New findings may lead to AIDS cure
After almost two decades, scientists have found a new clue that may lead to the HIV Holy Grail of a vaccine.
Scientists said on Wednesday they have found a key clue to how HIV mutates to evade the immune system that could advance the search for new drugs and a vaccine.
Researchers at the Children's Hospital Boston and Harvard Medical School in the United States have shown that the virus, which has infected 40 million people worldwide, alters its shape and triggers changes that allow it to enter cells.
They obtained a three-dimensional image of a protein called gp120, part of HIV's outer membrane or envelope, before it transforms and binds to so-called CD4 receptors on the cells it wants to infect.
"Knowing how gp120 changes shape is a new route to inhibiting HIV - by using compounds that inhibit the shape change," Stephen Harrison, head of the research team, said.
Peter Kwong, of the National Institutes of Health in Maryland, described the research as a "technical tour de force" because scientists have sought the structure of the gp120 protein before it binds to CD4 receptors for almost 20 years.
"In terms of vaccine design, the structure... reveals the envelope at its potentially most vulnerable," he said in a commentary.
HIV and AIDS have certainly had an impact on China, where the government estimates there are about 840,000 people infected.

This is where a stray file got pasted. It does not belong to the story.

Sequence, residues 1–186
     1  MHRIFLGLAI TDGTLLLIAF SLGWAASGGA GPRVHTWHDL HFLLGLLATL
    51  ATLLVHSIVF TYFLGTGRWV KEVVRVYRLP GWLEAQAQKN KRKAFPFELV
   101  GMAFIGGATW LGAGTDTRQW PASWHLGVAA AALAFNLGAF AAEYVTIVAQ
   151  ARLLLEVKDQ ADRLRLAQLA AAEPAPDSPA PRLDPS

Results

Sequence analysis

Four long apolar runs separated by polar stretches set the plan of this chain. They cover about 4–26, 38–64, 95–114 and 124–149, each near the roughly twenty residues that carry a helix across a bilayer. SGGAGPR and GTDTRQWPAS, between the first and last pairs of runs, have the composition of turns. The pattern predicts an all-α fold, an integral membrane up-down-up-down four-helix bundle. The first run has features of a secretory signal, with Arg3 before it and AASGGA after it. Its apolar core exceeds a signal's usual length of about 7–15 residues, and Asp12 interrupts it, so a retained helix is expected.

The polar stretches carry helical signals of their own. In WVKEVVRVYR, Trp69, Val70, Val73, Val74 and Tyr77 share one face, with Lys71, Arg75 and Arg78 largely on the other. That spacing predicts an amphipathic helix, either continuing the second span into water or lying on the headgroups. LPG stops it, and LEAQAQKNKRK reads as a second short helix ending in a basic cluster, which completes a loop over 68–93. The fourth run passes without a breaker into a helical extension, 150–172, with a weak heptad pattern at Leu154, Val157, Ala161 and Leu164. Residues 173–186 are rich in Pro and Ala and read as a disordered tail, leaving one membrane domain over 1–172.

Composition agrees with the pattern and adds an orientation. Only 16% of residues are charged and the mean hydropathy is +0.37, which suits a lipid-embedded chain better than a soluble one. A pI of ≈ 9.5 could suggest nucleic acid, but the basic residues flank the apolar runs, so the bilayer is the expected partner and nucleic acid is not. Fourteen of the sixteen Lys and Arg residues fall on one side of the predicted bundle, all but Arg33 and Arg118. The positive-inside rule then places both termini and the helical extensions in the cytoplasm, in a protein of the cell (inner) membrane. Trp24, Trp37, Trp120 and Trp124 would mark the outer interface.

"I think China... now has to take AIDS on as a China-wide challenge," UNICEF Executive Director Carol Bellamy said in in Beijing yesterday to a forum dedicated to "A Decade of Achievement for Children."
The effects of the illness have been felt around the globe and Bellamy said the most serious challenge for children worldwide was HIV/AIDS "and the many terrible ways that is has re-defined childhood."
"I sincerely believe that most people do not really comprehend just how many young lives have been transformed for the worse by HIV/AIDS, and how many millions more are under threat," she said.
"HIV/AIDS has re-defined childhood illness; it has re-defined child labour; it has re-defined sexual abuse; it has re-defined family. Indeed it has re-defined the nature of hope itself, and it is marching onward from Africa to Russia, India, and even to China," said Bellamy.
Most efforts to help people already infected have focused on antiretroviral drugs which can prolong the lives of sufferers but are expensive and beyond the reach of millions of people.
A vaccine is considered the Holy Grail in the battle against the AIDS epidemic but efforts to find one have been hampered by HIV's ability to mutate.
"The findings also will help us understand why it's so hard to make an HIV vaccine, and will help us start strategizing about new approaches to vaccine development," Harrison explained in a statement.
The new findings published in the science journal Nature provide information about how the molecule rearranges itself before it attacks.